5. Fairy tales and folk tales. I can hear you protesting now, “Listen, babe, I don’t write for kids. I write for grown-ups.” And my answer to that is: Have you read some of the original versions of children’s fairy tales? All right, I admit you have to be extremely original to come up with a fresh, grown-up twist on many of the most popular kids’ bedtime stories, but folk tales are, for the most part, pretty much yours for the taking. (Although you could easily come up with a modern-day thriller based on the Pied Piper of Hamelin.)
  6. Old family letters. Once upon a time people used to write each other with this weird stick called “a pen” on a flat blank surface made of, well, paper. And it used to take days, even weeks, for people to get these chronicles. As a result, people would take their time telling their best stories about what actually happened to them instead of just stating the kind of burrito they had for lunch. Seriously, though, ask your parents or grandparents if they kept any of their old letters. I’ll buy you a beer if you don’t chance upon at least one anecdote that would make a great script.

Lastly, don’t despair if you can’t come up with anything so scintillatingly original that people are struck dumb as soon as they hear it. I’m a great believer that execution matters more than the idea itself. Just look at how many versions there are of Romeo and Juliet — many of them great. Hell, according to Wikipedia, Shakespeare himself took the story from an old Italian tale. So take heart and write your ass off.

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11 Responses to 6 Sources for Story Ideas When the Well Runs Dry

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  9. Jahn Ghalt says:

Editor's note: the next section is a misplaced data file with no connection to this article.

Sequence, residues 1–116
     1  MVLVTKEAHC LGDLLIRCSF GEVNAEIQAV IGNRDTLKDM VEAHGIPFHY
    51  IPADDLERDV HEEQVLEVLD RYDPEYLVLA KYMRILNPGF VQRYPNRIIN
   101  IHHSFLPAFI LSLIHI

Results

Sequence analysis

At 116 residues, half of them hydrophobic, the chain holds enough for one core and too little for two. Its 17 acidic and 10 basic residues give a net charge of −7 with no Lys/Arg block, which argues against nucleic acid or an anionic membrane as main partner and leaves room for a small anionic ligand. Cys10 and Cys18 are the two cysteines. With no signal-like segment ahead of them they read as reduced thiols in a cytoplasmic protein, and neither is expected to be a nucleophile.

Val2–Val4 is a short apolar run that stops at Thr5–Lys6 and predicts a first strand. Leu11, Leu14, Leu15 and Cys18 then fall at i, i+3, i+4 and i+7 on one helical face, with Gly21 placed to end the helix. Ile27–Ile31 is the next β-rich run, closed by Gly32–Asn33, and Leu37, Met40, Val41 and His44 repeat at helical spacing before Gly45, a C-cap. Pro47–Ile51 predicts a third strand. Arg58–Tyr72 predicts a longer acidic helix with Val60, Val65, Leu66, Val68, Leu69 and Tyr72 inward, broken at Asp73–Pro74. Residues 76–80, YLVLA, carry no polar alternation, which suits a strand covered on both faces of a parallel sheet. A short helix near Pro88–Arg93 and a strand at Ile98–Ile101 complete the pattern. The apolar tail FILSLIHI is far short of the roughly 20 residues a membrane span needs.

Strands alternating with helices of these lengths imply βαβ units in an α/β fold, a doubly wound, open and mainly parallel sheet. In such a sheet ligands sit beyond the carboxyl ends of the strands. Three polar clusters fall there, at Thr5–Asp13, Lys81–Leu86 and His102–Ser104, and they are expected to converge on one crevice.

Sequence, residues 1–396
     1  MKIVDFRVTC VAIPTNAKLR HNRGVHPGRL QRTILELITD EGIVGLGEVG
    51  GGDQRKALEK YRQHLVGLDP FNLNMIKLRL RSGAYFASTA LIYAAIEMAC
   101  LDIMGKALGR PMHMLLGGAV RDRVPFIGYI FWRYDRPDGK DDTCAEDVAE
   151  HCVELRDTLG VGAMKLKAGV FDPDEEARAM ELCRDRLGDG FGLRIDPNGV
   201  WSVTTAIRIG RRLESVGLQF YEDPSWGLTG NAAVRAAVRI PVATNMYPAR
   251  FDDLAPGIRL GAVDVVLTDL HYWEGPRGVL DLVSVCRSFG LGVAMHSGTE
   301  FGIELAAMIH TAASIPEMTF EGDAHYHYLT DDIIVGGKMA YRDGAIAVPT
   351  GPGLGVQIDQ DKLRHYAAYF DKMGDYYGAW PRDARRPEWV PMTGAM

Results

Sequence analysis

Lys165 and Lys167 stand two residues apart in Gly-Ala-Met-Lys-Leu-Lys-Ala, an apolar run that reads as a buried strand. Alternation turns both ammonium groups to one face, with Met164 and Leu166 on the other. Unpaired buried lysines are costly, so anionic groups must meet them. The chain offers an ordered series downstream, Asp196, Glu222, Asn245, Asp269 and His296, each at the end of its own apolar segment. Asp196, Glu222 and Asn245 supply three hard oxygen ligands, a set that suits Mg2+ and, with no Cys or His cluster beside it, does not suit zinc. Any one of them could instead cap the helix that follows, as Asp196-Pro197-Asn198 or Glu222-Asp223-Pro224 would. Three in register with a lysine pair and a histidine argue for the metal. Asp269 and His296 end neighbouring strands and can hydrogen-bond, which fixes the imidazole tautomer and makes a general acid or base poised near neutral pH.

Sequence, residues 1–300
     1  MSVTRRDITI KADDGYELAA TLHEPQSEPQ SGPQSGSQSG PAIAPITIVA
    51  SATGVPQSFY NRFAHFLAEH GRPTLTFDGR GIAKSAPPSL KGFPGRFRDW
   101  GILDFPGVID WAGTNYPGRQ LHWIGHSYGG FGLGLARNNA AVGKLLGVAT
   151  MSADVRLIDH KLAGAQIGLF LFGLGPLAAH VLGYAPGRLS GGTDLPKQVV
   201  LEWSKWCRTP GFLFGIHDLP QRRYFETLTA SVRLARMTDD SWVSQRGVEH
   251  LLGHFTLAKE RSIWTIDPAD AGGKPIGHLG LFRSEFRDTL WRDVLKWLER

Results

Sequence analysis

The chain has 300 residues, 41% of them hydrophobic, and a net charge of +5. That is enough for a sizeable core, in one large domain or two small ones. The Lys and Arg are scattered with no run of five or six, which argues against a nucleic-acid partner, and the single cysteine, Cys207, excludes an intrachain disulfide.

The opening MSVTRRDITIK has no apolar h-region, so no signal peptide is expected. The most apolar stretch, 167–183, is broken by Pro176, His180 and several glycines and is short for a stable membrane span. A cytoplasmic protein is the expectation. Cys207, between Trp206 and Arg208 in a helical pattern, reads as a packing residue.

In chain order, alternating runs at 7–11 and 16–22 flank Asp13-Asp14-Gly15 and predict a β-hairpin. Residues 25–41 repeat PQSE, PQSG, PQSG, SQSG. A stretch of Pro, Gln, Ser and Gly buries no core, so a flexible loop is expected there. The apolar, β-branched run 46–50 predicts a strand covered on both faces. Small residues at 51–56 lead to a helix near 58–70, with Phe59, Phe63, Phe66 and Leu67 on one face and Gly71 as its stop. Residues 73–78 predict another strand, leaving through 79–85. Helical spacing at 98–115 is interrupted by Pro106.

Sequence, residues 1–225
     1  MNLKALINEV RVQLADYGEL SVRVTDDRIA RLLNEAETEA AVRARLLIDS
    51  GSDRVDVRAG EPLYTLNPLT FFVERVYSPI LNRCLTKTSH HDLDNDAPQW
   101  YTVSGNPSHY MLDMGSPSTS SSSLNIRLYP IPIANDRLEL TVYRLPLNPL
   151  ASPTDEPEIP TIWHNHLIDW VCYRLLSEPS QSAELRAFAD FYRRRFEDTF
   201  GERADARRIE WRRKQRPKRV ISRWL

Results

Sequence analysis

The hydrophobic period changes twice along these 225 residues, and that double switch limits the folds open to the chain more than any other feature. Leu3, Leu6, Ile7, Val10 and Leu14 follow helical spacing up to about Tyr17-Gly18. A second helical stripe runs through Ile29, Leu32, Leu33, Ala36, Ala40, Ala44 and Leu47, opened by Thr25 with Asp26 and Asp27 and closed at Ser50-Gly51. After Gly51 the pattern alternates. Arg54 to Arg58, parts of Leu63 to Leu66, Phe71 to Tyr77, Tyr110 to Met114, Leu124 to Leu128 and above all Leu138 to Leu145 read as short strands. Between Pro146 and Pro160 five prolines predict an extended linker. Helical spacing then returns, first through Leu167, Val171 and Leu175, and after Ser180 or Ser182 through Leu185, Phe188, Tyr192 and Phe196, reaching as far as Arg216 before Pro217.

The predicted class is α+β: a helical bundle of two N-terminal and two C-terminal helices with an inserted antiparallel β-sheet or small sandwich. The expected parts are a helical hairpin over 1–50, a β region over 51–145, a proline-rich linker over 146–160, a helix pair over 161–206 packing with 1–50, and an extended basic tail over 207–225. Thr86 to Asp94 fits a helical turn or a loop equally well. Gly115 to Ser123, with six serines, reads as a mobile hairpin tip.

MarlyK:

    Your Police Blotter idea reminded me of something I enjoy weekly – News of the Weird. I think they are archived somewhere online (They are reprinted in a local weekly).

    Conincidentally, my sister is digging through piles of old family letters just now. I remember some of those. I have to say, they were certainly dutiful – perhaps obligatory. I was never much of letter writer – but when I did write I managed to be more entertaining – or so my hazy memory tells me.

    My daughter recently completed a creative writing class in high school. One of the exercises was to write a fairy tale – she was unabashed about stealing liberally for ideas.

    • MarlyK says:

      Hey Jahn:

      Thanks for your comment!! I have to check out News of the Weird. It sounds like something I’d enjoy. When I was a kid in Venezuela, I used to listen to a 5 minute radio show called Nuestro Insólito Universo (Our Uncanny Universe), which were true stories about some very eerie stuff (ie, the Hope Diamond). It is still being produced and hosted by the same guy who still sounds the same. Anyway, a great source of inspiration.

      Just recently I decided to write a series of short films based on modern takes of urban folk legends. I’d rather use them as point of departures rather than sticking slavishly to the details, know what I mean? Anyway, thanks for the feedback.